L.A. Weekly: TheWeekly was launched in conjunction with L.A.’s DIY renaissance of the late ’70s that included the small businesses that colonized Melrose Avenue, and the L.A. punk movement. In fact, the Masque, L.A.’s first punk club, was not far from theWeekly’s first office, at Sunset and Western. To what degree is theWeekly simply a product of its time?
JAY Levin: The Weekly is a product of its time, but it also played a role in shaping its time, there’s no question about that. We were simultaneously riding and leading a Zeitgeist, and we provided leadership in regard to several historical themes, which we hadn’t developed on our own, but were clearly at loose in the culture.
What’s your definition of an alternative paper?
Alternative papers are more sophisticated and democratically oriented, and are dedicated to a broader truth in journalism, no matter what the cost.
Are there any good ones out there right now?
There are little progressive papers like The Insurgent, which comes out of Madison, Wisconsin, but the scale and range are so broad now that they’ve been liquefied down from the true counterculture papers of the ’60s that really challenged the mainstream.
The fact that you’re aware ofThe Insurgent suggests you keep abreast of what’s happening in the world of alternative papers. Do you?
Not really. Because of the range of interests I have, I do come across stuff, and I’m a nexus for a lot of Web material that originates in print. Some of the best alternative media is online right now.
What’s the most important quality for an editor in chief to have?
A vision of who the audience is that you want to reach, where you want to lead them, and a plan for how to get there.
You moved to L.A. to run theFree Press, and quickly segued into the launch of the Weekly. How did you go about getting up to speed on a city you’d just moved to?
I was a street journalist, so I’m a quick study, and I have good antennae for stories. There were good writers who’d been here long enough, too, so I didn’t have to know everything. I just had to tap into the talent of the town.
When you started theWeekly you were president, publisher and editor in chief, and you were also writing and line-editing copy. Why were you doing everything?
Because we defined undercapitalized when we started, so I had to fill lots of gaps until we got more money.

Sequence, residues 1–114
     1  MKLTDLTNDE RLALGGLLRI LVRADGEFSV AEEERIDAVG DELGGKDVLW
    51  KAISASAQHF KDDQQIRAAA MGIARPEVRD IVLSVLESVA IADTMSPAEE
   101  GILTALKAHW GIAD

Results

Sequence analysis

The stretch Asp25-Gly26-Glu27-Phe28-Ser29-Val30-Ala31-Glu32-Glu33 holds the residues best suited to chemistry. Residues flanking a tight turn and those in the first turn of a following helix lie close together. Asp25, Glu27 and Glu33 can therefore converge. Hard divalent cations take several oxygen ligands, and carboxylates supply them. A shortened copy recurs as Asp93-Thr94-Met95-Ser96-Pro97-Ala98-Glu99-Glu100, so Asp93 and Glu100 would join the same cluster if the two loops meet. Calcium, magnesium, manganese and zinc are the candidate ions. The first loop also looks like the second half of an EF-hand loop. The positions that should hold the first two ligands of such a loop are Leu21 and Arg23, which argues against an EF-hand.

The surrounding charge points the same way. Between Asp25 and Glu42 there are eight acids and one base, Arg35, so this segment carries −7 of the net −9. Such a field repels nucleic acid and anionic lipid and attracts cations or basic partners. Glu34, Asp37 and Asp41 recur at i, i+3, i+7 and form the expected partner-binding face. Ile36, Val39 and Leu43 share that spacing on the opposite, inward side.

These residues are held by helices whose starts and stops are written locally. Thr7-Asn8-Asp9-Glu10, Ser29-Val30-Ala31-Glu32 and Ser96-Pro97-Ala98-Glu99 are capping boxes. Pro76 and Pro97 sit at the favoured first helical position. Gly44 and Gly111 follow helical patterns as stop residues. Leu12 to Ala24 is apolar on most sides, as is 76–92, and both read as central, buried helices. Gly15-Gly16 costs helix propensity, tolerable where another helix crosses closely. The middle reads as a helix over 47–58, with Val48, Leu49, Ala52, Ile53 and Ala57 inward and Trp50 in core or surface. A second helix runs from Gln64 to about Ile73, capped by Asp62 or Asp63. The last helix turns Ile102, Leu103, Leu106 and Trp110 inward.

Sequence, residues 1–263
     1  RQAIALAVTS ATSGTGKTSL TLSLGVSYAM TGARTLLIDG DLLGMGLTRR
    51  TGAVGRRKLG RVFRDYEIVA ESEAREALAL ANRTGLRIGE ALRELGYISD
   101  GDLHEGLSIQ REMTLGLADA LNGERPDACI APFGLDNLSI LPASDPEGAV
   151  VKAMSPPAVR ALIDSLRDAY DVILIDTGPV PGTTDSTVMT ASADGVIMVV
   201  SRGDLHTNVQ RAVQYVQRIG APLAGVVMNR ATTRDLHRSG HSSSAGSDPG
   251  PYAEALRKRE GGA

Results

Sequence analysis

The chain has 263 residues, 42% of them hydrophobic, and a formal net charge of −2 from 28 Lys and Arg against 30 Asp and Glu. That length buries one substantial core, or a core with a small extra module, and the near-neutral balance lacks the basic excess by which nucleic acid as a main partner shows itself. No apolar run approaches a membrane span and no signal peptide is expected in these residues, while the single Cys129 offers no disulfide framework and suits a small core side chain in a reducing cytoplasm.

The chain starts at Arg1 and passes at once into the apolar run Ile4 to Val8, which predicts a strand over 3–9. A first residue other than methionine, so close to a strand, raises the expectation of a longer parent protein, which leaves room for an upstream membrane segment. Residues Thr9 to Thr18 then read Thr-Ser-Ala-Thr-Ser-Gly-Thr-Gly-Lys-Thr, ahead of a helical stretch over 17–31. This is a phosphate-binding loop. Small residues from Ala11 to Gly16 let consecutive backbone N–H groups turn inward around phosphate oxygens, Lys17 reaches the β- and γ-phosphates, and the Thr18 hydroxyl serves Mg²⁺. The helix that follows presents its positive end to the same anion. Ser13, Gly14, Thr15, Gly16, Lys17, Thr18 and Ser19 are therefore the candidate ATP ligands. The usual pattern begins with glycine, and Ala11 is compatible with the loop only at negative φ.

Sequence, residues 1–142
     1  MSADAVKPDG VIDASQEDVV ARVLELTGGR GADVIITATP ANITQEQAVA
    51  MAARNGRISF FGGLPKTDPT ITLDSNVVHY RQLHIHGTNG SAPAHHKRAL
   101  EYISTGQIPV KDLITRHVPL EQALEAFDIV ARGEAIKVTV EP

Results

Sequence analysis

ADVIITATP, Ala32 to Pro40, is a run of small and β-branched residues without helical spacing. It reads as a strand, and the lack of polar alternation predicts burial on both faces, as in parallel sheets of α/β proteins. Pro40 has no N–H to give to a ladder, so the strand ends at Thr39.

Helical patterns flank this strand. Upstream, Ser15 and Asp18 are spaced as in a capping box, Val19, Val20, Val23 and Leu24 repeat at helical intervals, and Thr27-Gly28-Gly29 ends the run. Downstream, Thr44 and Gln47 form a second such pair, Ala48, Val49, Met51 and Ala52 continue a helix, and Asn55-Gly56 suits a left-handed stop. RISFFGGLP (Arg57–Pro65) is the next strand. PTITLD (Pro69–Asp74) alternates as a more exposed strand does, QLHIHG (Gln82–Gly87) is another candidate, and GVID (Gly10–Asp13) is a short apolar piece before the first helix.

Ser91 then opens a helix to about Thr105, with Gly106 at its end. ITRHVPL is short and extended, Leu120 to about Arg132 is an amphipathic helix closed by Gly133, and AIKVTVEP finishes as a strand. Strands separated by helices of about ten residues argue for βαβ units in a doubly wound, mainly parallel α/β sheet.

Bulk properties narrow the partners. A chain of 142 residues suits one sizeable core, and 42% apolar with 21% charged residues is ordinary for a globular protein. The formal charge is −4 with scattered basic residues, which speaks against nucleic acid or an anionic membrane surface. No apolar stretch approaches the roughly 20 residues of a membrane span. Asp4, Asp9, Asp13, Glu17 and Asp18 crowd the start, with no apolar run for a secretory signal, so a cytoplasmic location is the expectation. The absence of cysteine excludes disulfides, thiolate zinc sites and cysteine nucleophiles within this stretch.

Did you have fun during those early years? It sounds insanely grueling.
It was fun, but it was also grueling. Some things got easier after Mike Sigman came to the paper in 1983, but other things got harder. Managing growth wasn’t my expertise, and my response to it was to work around the clock. I wasn’t like that before I started the Weekly, and it was a hard habit to break. When things get into your neural net, it’s always work to get them out.
What was the most difficult thing about the job?
Initially it was being undercapitalized, and after that it was managing growth. I’d never run a business before, so I had a lot to learn about what happens when something grows very quickly. Then, after we launched [the now-defunct glossy magazine] L.A. Style, there was a lot more growth management.
A big moneymaker for theWeekly now are the sex ads. Were you carrying those sorts of ads in the early years?
No — the hardcore sex ads came in after we sold the paper. Those ads aren’t what makes the Weekly profitable; however, they are responsible for making it seriously profitable.
During its early years, the Weekly office is rumored to have been a hotbed of drug abuse and interoffice sex. To what degree have those stories been exaggerated?
Wildly. Some people in the production department may’ve been engaged in those sorts of things, but after about a year we brought in an operations manager who said, “There’s a drug problem here, and I’m getting rid of the people who are causing it.”
Did the chaos in the office during those early days contribute to the spirit of the paper?
Oh yeah, definitely. There are lots of different kinds of drugs, by the way. There were people there who obviously smoked grass, but people weren’t walking around the office openly doing drugs. People like to tell stories about the party times, but we were busy putting out a paper and everybody was working their ass off.
To what degree did you envision theWeekly as a regional paper? Did you feel that a major part of your mandate was to cover local politics in an alternative way?
We wanted to cover everything and find the important stories that were local, statewide, national and international. During the Central American years we got a bit preoccupied with international coverage, but ultimately our biggest issue was space. We felt there was an immense amount to cover as an alternative paper in a town where the main media outlet was the L.A. Times — we could’ve put out a 500-page paper every week just covering what they missed. So we had to pick our shots.